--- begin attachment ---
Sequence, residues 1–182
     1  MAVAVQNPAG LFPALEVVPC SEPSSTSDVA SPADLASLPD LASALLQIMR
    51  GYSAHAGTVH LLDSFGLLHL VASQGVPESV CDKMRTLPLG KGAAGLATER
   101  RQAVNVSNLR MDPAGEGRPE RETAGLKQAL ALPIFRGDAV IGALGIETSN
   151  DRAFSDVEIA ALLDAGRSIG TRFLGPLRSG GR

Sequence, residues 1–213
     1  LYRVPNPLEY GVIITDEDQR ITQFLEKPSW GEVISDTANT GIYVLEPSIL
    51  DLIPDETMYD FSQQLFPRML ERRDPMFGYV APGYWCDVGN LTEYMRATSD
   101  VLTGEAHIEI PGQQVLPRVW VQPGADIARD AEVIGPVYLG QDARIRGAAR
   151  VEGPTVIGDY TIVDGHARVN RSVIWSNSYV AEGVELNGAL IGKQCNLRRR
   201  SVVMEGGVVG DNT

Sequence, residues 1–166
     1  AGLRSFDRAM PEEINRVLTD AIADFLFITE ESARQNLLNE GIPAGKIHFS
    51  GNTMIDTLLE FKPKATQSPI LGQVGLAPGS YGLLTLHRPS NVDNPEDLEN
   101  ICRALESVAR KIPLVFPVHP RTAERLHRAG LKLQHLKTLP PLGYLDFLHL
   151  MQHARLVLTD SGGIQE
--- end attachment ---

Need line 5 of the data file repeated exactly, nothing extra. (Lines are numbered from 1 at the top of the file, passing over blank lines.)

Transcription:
   151  DRAFSDVEIA ALLDAGRSIG TRFLGPLRSG GR